Looking back, the amazing thing is that I knew absolutely nothing about fitting.  I just picked a size and made the shorts... and they fit just fine.  That would never happen today.  In addition, I decided for some reason that I didn't want shorts, so I lengthened the pattern to capri length (my first attempt at pattern alteration.)

I made the pants, which closed with velcro on either side of the front waist, and the camp shirt with buttons.  My fabric was similar to the pink fabric in the drawing or in the photo below- but it had a white background with "comics" on it in very 80's shades of pink, blue, and lavender.  My lining was pink broadcloth which showed at the hems, pockets and waistband, and the cuffs of the sleeves.  I seem to recall wearing my shirt tucked in because even back then I was conscious of trying to accentuate my waist.  And I accessorized this wild look with a pair of big earrings and some gladiator sandals.  I wish I had a picture.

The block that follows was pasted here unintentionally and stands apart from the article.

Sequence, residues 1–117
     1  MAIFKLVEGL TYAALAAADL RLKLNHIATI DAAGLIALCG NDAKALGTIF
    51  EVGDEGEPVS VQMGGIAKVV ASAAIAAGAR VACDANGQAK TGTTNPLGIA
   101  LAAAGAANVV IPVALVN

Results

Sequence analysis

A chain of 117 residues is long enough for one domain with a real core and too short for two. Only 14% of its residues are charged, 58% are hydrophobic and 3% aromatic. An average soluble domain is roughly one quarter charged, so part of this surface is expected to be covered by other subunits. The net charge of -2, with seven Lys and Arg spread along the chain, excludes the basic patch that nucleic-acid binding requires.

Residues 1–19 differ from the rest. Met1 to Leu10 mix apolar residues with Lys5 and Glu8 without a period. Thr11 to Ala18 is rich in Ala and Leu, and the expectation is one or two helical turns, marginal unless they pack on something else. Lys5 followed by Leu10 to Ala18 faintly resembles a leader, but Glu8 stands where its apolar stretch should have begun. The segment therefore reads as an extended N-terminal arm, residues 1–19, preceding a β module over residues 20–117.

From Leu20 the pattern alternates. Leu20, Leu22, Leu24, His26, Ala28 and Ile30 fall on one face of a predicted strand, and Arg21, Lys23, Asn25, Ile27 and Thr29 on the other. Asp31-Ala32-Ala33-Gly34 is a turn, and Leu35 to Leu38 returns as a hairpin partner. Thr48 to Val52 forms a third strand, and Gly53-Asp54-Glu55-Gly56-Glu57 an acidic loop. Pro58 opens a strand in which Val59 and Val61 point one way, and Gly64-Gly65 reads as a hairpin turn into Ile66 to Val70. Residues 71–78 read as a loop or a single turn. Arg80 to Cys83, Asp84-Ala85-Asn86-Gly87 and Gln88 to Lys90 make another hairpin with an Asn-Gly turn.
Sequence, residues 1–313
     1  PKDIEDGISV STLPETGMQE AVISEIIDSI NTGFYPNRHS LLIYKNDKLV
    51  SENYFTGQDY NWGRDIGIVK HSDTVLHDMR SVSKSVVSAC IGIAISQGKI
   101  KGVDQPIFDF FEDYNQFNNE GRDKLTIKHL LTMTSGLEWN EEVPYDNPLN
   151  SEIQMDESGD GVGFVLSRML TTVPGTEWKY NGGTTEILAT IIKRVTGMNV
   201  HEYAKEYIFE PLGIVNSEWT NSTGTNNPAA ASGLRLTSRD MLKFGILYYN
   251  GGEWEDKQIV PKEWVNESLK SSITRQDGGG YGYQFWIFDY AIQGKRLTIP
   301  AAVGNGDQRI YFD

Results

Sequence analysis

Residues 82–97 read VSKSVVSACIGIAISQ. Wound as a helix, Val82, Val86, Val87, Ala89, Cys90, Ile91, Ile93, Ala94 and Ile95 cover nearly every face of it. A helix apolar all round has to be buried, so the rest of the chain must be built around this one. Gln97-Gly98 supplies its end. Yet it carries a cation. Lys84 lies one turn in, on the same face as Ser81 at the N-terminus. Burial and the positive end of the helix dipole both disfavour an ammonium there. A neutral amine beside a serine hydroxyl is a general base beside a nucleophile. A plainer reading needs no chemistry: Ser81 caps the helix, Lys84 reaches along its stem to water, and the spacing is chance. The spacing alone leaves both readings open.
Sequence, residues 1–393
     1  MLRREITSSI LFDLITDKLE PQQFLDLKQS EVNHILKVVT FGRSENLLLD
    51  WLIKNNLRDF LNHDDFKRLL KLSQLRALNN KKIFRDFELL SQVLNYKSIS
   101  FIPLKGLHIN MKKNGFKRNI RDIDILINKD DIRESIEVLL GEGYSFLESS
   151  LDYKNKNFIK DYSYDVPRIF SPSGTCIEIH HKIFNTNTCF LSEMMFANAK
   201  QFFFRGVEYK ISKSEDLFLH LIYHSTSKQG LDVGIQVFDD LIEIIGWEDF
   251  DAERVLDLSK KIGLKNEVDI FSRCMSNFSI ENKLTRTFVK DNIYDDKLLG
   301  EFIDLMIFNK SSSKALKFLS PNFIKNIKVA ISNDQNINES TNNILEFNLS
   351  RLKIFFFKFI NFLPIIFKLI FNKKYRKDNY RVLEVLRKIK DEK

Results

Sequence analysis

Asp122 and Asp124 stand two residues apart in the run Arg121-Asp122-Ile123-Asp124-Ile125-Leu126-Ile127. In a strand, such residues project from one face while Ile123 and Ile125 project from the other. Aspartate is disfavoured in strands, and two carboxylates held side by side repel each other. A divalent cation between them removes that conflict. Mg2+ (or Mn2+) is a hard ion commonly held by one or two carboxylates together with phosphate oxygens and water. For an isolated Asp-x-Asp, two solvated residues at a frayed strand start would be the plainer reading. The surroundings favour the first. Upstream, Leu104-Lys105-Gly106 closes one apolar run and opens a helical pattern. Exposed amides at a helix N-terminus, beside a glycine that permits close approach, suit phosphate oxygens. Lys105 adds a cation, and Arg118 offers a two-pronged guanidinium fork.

It looks like McCall's also did a special release of this pattern, P970, which featured live models on the cover instead of drawings.

I love the girl in pink, but that poor boy in the blue shorts on the right just looks... ridiculous.  Why is his shirt hiked up?  And is it just me or does the contrast waist of his short make him look like he's standing there in his underwear?  And that headband is not helping anything.  Gosh, I love the 80's!

Did anyone else out there make this gem?  Or something similar?  Please share your story!

Wednesday, August 20, 2014

Burda Style 03-2014-115 I Made Jeans!